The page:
Stung by the charge that children do not have time to be creative anymore, ministers back new pack to stimulate the left side of the brain. Helen Ward reports
EVERY teacher will be offered a pack of Government-approved lesson ideas to help make their pupils more creative.
Ministers are keen to prove that they want to promote imaginative thinking and originality across the curriculum in response to teachers' accusations that they are obsessed with test results in literacy and numeracy.
The new creativity packs have been trialled in 1,000 schools. Margaret Talboys, director of the Qualifications and Curriculum Authority's creativity in the curriculum project, which devised them, said: "We've started at a very practical level because a lot of teachers feel particularly daunted by creativity. We had teachers who said they couldn't see any creativity in their subject, by the end of it they had changed their mind."
The three-year project was set up in response to the "All our Futures" report from the National Advisory Committee on Creative and Cultural Education which called for changes in the national curriculum to ensure enough time for arts and humanities.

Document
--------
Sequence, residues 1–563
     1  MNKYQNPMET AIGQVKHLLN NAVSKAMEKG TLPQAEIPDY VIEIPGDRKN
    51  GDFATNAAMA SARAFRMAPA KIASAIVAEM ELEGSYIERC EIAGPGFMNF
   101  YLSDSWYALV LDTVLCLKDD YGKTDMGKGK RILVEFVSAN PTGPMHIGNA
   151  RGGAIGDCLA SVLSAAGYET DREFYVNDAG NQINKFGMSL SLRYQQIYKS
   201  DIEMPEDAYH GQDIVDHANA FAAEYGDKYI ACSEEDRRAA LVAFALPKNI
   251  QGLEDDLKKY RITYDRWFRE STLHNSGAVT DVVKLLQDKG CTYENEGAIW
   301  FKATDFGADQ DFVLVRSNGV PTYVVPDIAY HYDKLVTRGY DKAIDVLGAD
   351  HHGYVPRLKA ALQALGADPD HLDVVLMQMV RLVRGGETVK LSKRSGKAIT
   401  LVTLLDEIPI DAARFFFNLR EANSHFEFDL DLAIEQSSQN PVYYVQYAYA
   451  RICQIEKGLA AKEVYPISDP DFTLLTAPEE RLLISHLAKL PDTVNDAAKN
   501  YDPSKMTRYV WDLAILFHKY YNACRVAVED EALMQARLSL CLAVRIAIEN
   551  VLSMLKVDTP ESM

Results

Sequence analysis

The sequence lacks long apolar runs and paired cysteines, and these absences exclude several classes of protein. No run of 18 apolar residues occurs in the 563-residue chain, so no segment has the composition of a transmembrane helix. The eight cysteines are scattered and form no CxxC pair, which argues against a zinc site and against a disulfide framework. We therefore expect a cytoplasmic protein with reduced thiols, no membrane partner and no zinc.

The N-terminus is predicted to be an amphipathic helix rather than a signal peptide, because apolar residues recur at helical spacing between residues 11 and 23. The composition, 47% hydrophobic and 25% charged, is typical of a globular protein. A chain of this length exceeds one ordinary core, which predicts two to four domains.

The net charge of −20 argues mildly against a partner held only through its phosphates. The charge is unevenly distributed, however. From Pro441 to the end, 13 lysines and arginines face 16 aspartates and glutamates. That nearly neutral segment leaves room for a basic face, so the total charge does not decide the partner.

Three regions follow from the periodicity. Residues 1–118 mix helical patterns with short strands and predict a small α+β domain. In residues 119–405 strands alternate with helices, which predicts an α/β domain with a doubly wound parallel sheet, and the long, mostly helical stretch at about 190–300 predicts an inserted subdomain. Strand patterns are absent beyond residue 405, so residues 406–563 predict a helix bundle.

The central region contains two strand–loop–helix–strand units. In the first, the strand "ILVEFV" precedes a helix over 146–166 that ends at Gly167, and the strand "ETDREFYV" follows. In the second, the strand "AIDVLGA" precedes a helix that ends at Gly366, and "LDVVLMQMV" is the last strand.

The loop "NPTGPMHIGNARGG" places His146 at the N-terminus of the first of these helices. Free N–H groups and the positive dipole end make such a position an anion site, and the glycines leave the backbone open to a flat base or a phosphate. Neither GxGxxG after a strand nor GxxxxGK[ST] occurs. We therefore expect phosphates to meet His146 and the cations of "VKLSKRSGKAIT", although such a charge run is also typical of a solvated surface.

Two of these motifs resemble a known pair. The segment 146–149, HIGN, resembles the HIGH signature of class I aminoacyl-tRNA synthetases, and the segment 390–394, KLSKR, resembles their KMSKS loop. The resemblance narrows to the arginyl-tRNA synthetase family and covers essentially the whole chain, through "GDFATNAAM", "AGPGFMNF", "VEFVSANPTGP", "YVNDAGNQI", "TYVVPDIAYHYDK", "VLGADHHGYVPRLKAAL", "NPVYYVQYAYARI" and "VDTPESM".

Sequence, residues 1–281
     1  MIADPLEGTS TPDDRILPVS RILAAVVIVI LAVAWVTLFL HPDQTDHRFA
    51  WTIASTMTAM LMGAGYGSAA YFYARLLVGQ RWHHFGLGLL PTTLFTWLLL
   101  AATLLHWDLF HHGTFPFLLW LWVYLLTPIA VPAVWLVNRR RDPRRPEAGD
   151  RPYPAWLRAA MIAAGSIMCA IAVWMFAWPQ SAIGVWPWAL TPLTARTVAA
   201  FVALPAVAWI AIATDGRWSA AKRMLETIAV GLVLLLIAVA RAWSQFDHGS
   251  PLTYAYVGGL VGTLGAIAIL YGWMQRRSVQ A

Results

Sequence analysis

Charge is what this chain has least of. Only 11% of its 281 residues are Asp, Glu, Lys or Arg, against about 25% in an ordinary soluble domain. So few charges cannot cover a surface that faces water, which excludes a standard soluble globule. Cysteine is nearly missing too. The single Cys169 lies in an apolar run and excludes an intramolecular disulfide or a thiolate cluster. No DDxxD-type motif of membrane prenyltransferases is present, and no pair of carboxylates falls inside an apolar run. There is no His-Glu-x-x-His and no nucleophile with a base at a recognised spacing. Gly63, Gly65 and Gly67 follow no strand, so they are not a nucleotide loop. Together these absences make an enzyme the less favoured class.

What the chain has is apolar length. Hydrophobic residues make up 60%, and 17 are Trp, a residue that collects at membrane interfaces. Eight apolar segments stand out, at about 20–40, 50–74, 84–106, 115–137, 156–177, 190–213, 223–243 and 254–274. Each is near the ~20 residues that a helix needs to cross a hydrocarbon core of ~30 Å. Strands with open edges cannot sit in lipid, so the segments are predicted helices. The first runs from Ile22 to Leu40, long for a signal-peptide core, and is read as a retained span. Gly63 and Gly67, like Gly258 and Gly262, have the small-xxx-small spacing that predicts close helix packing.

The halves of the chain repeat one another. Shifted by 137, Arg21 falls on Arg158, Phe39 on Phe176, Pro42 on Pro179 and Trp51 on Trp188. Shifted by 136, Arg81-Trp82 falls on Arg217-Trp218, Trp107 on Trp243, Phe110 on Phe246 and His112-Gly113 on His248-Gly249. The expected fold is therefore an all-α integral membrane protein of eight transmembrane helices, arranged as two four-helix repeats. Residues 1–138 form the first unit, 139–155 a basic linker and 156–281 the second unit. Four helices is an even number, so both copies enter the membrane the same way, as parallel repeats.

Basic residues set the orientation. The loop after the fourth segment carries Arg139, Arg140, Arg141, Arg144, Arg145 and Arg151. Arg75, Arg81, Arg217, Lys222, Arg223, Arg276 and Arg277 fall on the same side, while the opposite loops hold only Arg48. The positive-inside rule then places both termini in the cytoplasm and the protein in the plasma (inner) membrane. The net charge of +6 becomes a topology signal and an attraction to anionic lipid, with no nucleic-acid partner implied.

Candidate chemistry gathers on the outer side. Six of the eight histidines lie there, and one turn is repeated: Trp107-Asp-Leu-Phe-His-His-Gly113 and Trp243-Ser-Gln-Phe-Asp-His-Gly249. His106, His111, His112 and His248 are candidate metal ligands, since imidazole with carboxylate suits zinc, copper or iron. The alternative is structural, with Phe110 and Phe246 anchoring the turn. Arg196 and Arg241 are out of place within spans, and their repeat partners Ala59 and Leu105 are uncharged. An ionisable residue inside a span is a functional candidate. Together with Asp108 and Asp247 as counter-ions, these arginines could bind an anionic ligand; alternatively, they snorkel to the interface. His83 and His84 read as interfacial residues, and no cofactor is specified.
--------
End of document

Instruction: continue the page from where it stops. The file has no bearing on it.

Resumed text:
One of the report's recommendations was to give teachers access to better materials and training.
The QCA's evaluation of the trial found that the biggest obstacle to carrying out the project's ideas was teachers' lack of time.
Ms Talboys said:"All the teachers in the trial worked within their existing planning. They identified particular activities where there were opportunities for questioning skills or working with others.
"Creativity leads to what people describe as deep learning, one child referred to her experience when she questioned something and changed the course of the scientific investigation in that lesson."
The project ends this year. A leaflet will be sent to all primaries and secondaries, explaining the project and how to order a pack.
There will be also be a guide to boosting creativity on the National Curriculum in Action website with subject-based case studies.
Ms Talboys said: "We want people to contribute. We've got this far but we want to engage in debate about it and move forward."
Set up an experiment with pupils controlling a virtual robot for a Year 1 lesson.
Ask Year 5 or 6 pupils to come up with a long list of river words, such as "delta", as a class before working in pairs to make cards that show drawings of the features. Then use the cards to play a game of "river snap".
Next, work in groups to illustrate the stages of a river's course through dance. Let pupils choose their own music and props.
Finally, let the whole class work on a big book for the infant classes, producing pictures, maps, diagrams and songs.
In a lesson on Christian worship get Year 5 children to draw and record their thoughts on the incense, music and icons of the Orthodox church model set up in their classroom.
Ask pupils to use wire to "draw" a three-dimensional object in a Year 8 sculpture lesson.